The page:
Pokemon is one of the largest multimedia franchises in the world, and it shows. Especially back in the late 90s when there was a Pokefever, a number of myths started circulating surrounding the early Pokemon game without any real basis.
Surely you’ve heard of the classic, “My dad works for Nintendo,” or “Unlock Sonic in Super Smash Bros Melee.” Pokemon was no exception to this trend, and may even be the biggest example of it.
Let’s take a look at five of the most notable Pokemon myths and legends we all thought were real!
1. Mew Under the Truck
This may be one of the most infamous disproven Pokemon myths to ever spread around. The story went that if you could use Surf in the room prior to entering the S.S. Anne and use Strength on the truck in the room, you would get to encounter and catch Mew.
For a number of reasons, this is impossible. First and foremost, even with hacking this has been disproved. Without hacking, this wouldn’t be possible anyway, as the Strength and Surf HMs are found much later in the game, and Cut is mandatory to progress as well as what causes the ship to leave and be inaccessible for the rest of the game.
As a fun note, in Fire Red and Leaf Green, the devs left a Lava Cookie right by the truck as a memento to the rumor.
However, Mew IS actually possible to be caught in Red and Blue! Through using Teleport mid-step in a number of different areas, one can glitch a Mew encounter in a few different places, notably Cerulean City. Look up the glitch if you’re curious.
2. Catching Ho Oh in Red and Blue
We can thank the anime for this rumor in the early days of Pokemon. At a number of points the anime would tease a next generation Pokemon before the games released, such as Marill, Togepi, Lucario, and most notably: Ho Oh.
This legendary bird signaled Ash’s adventure in the first episode of the anime and left a generation of Pokemon fans bewildered on how to get it.
As we know now, Ho Oh wasn’t introduced until Pokemon Gold and Silver a few years later, but that didn’t stop rumors from circulating around recess playgrounds on how to catch the legendary bird.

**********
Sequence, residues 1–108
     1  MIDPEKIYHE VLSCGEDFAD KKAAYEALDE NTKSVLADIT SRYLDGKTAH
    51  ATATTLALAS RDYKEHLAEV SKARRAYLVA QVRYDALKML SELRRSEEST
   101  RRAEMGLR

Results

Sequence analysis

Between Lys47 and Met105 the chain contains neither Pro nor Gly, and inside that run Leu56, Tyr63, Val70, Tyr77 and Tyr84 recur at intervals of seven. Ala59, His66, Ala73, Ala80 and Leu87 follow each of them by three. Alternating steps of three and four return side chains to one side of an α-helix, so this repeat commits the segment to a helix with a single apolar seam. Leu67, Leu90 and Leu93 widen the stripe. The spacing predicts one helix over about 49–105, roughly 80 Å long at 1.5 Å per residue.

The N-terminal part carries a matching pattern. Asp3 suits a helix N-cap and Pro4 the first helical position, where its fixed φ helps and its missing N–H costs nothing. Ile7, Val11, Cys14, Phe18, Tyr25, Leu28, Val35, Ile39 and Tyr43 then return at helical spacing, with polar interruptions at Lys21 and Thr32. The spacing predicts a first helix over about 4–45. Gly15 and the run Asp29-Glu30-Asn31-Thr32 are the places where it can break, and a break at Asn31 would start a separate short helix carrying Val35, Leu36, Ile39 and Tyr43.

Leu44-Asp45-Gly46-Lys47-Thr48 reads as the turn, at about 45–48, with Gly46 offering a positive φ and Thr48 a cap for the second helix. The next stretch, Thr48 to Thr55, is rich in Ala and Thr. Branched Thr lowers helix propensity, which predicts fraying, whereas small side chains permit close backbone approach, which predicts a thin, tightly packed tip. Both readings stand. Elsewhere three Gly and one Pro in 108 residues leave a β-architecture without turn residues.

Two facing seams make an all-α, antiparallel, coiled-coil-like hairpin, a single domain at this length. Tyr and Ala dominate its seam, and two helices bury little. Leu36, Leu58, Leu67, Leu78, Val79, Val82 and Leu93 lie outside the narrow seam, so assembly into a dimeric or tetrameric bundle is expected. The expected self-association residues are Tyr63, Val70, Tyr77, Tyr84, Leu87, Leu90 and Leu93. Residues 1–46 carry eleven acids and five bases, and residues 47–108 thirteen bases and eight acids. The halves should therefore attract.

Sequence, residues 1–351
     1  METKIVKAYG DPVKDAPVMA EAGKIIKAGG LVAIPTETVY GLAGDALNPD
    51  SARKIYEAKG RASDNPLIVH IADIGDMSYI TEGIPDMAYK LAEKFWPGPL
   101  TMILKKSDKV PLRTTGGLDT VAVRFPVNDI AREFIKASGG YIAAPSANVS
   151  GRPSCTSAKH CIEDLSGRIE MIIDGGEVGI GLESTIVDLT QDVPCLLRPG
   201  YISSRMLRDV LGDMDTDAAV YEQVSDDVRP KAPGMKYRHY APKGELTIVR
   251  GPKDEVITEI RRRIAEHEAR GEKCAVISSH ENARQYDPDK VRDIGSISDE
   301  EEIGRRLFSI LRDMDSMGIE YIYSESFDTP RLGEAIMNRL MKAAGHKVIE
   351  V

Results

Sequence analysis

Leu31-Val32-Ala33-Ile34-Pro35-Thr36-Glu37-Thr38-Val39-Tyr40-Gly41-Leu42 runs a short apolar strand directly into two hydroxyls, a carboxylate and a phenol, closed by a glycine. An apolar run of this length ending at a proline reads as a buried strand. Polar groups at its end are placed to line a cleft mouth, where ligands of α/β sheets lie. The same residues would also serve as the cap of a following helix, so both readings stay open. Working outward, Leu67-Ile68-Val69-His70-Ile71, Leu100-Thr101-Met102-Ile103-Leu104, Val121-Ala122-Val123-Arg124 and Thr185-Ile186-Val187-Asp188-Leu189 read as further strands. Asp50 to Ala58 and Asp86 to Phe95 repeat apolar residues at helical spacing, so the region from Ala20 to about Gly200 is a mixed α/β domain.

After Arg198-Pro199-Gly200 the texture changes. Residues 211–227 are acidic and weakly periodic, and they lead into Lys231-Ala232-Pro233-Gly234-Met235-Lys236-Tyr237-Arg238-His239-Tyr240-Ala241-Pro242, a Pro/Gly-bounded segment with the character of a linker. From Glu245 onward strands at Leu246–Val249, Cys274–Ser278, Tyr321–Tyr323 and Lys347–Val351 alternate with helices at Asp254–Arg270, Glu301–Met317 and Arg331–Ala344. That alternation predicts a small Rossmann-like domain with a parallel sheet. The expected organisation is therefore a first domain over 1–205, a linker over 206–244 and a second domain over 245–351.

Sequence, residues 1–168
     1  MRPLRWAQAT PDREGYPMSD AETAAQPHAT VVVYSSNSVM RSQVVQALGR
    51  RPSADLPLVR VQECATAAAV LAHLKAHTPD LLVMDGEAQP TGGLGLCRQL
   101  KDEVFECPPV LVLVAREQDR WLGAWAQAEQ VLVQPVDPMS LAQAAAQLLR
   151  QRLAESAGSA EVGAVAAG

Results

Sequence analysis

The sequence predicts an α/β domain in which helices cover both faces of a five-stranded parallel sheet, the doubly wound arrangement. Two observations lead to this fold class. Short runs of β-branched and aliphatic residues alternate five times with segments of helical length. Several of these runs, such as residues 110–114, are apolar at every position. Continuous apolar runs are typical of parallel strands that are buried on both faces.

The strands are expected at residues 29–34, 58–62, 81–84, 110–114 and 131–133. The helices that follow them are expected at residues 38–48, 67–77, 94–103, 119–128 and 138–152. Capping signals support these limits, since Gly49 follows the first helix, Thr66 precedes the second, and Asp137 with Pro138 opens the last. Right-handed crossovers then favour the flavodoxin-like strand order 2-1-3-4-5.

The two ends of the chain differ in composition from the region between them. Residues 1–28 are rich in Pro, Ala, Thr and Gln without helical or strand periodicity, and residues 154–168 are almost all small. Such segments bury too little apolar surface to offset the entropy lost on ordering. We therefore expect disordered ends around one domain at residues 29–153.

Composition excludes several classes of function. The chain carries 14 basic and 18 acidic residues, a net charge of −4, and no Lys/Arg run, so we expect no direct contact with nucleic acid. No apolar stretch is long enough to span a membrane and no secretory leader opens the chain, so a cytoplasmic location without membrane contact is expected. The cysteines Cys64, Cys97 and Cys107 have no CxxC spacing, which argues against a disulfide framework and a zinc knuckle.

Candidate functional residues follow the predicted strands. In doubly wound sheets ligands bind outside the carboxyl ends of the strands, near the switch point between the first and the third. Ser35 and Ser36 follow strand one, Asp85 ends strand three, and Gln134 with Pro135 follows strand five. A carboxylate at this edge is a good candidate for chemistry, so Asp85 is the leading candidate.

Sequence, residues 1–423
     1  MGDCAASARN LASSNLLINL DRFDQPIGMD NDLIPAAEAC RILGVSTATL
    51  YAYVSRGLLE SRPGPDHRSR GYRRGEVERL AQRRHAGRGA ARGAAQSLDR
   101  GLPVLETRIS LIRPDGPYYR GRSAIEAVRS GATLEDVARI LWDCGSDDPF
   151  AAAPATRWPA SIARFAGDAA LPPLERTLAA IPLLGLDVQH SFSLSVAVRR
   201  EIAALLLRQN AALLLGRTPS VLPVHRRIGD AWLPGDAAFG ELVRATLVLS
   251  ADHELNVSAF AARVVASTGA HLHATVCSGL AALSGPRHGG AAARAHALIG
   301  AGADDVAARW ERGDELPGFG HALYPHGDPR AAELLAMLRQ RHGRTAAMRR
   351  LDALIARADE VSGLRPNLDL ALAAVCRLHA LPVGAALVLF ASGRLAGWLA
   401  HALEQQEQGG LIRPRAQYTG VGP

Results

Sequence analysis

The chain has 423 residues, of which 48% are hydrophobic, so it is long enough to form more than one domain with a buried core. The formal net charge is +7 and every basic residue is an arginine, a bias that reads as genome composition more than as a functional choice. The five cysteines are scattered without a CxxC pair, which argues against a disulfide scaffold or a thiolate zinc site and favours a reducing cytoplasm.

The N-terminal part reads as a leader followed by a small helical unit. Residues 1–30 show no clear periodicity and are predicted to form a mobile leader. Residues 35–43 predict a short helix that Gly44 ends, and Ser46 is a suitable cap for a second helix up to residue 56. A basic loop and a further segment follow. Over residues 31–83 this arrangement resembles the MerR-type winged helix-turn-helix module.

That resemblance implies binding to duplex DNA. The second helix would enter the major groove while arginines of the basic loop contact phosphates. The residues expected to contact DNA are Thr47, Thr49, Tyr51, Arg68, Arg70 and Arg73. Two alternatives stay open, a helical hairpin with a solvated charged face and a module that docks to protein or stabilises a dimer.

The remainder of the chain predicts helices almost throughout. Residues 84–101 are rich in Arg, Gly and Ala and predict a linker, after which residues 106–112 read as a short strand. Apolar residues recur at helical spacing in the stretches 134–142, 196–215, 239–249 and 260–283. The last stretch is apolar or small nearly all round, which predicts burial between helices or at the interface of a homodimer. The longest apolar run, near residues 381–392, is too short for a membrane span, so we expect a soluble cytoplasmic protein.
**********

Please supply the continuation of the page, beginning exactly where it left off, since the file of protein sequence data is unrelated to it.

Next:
What made this worse was Gen 1’s… mediocre sprite art, which led some to believe they encountered the then unnamed bird when they found a wild Fearow near Fuchsia City.
An early strategy guide also recommended using the Master Ball on hard to catch monsters like Fearow or Tentacruel, leading to more speculation and a LOT of wasted Master Balls.
3. Button Combos Help Catch Pokemon
Does anyone else still hold Down + B when using a Pokeball? I know I do.
When Pokemon Red and Blue released, there was a common myth that holding certain buttons while waiting for a Pokeball to stop shaking then it would increase the chance of a successful catch.
From what we remember, Down + B worked for Pokeballs and Up + B for everything else.
Of course, it didn’t do anything, but millions of us still do it to this day.
4. Bad Egg
Now we can get into some rumors that actually ended up being true through some measure or another, including the mysterious Bad EGG.
This was present in Generations 3-6, and are nigh impossible to encounter through normal circumstances. To make a long story short, it basically occurs through the corruption of data that the game tries to identify, and thus uses a placeholder of Bad EGG.
This has a number of oddities such as how it is displayed in a party, looking like the Pokemon following it, the inability to hatch without hacking, and freezing the game.
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Even if this did end up being real, I recall the early YouTube days with tons of videos trying to show off just what this Bad EGG was.
The last Pokemon myth I’ll be looking at today is MissingNo. Once again, this myth is actually a reality, though it didn’t stop rumors from floating around the early internet and schools of our younger years.
MissingNo has actually been present in multiple Pokemon generations, once again as data that isn’t normally used. Most notable is its appearance in Red and Blue, occupying a number of Pokemon data slots between 152 and 256.
One can encounter MissingNo most easily through a small series of steps that leads you to Cinnabar Island where it can be found on the surf tiles between the town and the water route.
Aside from doing a bunch of crazy stuff to the game, it also houses the item duplication glitch as well, making it pretty handy if you wish to force your hand, as, otherwise, its a pretty safe glitch to activate.
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And there you have it: some of the most popular Pokemon myths either debunked or proven legitimate! I have to admit, I didn’t know that the Bad Egg was actually real, so that was an interesting find.